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By M Muneer

E-fulfilment, or an electronic response, blended with traditional methods is the key to optimising a company’s one-to-one marketing efforts

E-fulfilment, an electronic response to a direct marketing request, can be an important part of a company’s marketing strategy to reach customers directly. In the right situation and to the right customer, it can offer several advantages.

The three biggest advantages of e-fulfilment are:

1 Speed: You meet targets quickly.

2 Cost-effectiveness: In some instances, it makes it cheaper to reach the customer.

3 Control/customisation: It allows for adjusting your campaign in real time, test and move forward.

One to one with customers—when content is completely personalised, including the cover letter/note, types of attachments and the content of each attachment—is expensive and time-consuming using land-based methods.

But not all situations call for solely an e-fulfilment system. Careful consideration of the types of the target being reached and the company’s marketing objective will determine the appropriate combination of e-based and land-based fulfilment components to be utilised.

For example, if a credit-card provider’s database identifies a person with an outstanding credit rating and a high income, that person may get a customised email that includes an offer to upgrade their card and links to exotic vacation destinations with special offers.

Someone else with a good credit history may get an offer for a balance-transfer offer or personal loan proposal.

Tweak as you go along

Flexibility is an important benefit of a fully integrated e-fulfilment system. Such a system makes it easy to evaluate a campaign’s rollout in real time—watch the pick-up on the first cell, tweak the campaign, watch the second cell go out, make another adjustment, and so forth.

With the proper systems in place, e-fulfilment offers direct marketers a wide range of options. It permits increased analysis and customisation of future messages, allowing marketers to see when people open the emails, and track as they click through to website links.

Real-time web reports of hits are available, detailing soft bounce-backs (server is temporarily down or a mailbox is full) and hard bounce-backs (service no longer exists or e-mail address is not valid).

If an email bounces back with a bad address or full mailbox, companies may have a call centre representative double-check with the intended recipient to confirm how they want to receive information.

The following examples offer an overview of possibilities and a preview of where things are heading for SMEs.

Case 1: Fewer reminders, more completions

A liability insurance company was using mail fulfilment as a marketing tool with its professional services clients. Names and detailed information were generated daily, with policies printed and mailed twice a week–incorporating e-fulfilment. Maximising its effectiveness was simply a matter of designing a system that converted content into a PDF file at the point it would have “gone to print” in the traditional fulfilment process.

These files are created in the same pre-printed format that customers would have received in hard-copy form. Like its traditional counterpart, the body of the e-fulfilment text message is highly personalised based on a client’s insurance history, with rate and coverage information, policy type, brand and payment method received/requested but it also includes a link to the insurer’s website for more information.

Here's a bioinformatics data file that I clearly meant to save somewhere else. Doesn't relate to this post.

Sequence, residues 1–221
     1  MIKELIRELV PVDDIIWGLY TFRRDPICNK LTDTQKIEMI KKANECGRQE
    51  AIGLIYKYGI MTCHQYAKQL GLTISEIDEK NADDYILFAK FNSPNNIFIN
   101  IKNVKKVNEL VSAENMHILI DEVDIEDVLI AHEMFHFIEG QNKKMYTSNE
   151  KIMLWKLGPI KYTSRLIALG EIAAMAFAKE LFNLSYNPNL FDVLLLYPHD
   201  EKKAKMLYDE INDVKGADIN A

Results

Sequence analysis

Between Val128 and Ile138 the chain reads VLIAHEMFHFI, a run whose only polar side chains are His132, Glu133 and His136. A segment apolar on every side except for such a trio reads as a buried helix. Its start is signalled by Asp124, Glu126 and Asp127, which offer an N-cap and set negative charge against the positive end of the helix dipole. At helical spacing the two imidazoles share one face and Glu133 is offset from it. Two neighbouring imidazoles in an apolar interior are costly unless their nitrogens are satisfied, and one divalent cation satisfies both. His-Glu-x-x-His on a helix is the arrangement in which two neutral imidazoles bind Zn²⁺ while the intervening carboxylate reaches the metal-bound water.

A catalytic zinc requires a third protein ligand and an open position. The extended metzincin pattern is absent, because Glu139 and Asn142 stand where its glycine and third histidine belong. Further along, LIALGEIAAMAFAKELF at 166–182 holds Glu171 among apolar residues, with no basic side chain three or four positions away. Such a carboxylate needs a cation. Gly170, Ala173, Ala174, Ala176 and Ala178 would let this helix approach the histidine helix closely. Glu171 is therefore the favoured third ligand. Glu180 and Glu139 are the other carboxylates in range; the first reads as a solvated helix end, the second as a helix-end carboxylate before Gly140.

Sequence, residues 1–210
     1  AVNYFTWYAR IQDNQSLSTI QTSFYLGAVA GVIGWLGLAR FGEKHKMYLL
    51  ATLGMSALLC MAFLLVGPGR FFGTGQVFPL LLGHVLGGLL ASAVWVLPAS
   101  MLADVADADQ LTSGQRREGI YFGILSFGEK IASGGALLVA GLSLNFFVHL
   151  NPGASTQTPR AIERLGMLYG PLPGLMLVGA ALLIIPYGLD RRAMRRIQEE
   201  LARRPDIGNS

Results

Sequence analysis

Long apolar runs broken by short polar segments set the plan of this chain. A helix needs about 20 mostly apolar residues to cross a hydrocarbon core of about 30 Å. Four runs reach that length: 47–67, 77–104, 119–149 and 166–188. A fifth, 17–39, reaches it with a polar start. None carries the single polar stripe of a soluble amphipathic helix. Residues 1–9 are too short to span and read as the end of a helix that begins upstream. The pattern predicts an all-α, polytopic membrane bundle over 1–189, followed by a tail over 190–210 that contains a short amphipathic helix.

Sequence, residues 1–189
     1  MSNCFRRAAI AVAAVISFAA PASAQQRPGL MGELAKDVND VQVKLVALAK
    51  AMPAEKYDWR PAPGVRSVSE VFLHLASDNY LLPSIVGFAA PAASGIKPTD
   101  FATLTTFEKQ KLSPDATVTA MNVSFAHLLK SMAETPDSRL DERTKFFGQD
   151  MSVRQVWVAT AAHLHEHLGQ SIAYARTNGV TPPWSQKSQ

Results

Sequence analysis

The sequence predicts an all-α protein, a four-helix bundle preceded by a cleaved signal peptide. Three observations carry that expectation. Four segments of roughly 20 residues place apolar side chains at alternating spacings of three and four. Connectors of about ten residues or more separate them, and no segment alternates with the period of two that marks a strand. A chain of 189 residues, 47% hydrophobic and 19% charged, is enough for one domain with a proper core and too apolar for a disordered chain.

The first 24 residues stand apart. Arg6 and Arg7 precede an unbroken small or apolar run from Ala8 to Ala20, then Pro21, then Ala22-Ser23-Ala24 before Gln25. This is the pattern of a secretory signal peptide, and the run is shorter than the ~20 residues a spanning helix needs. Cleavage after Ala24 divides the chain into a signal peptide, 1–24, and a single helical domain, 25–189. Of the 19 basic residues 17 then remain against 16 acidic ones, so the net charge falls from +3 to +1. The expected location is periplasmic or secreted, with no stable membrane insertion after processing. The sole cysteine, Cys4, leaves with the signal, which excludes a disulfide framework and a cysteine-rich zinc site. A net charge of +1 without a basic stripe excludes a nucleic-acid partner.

The policy itself is attached to the email and incorporates client-specific information. In addition, the insurance company finds that email enables it to send fewer reminders to get policy renewals and it is receiving more payments at a faster cycle. This could be modified for individual customers today with technology.

Case 2: Talk directly to your prospect

In many instances, customers and potential customers can request information through a variety of channels, including a call centre, website or mail.

In one such instance, a pharmaceutical manufacturer generates data daily from these sources. Based on the depth of information in the marketing database—gender, age, products requested and used—the development of highly customised text messaging and rich format attachments are possible.

The system also enables custom e-mail messaging with links to specific parts of the company’s website. In this case, the company is developing a true one-to-one marketing campaign that, over time, can be refined based on this interaction loop.

Today, companies using e-fulfilment with rich content are also engaged in parallel mail campaigns. They are not looking to abandon traditional fulfilment methods but rather want new ways to get closer to their customers.

As consumers click through the company’s websites via email links, each visit adds to their profile for future e-marketing efforts. As the file on each person is enhanced, marketers can cost-effectively move into more focussed cross-selling and up-selling campaigns.

Overall, the trend is for companies to implement one-to-one marketing tools. More and more, they are looking for expertise from direct marketing service providers that enables them to reach customers and prospects within a very structured campaign but target each one with a specific package of information via their mailbox, e-mailbox, over the phone or a website.

E-fulfilment enables you to watch a campaign unfold in real time and improve it as needed, including the way individual follow-up is done. And blending e-fulfilment (with its reporting and campaign management capabilities) with the appropriate traditional fulfilment methods is the key to optimising a company’s one-to-one marketing efforts.

By M Muneer

M Muneer is the managing director of CustomerLab Solutions, a consulting firm.

Sourced from moneycontrol

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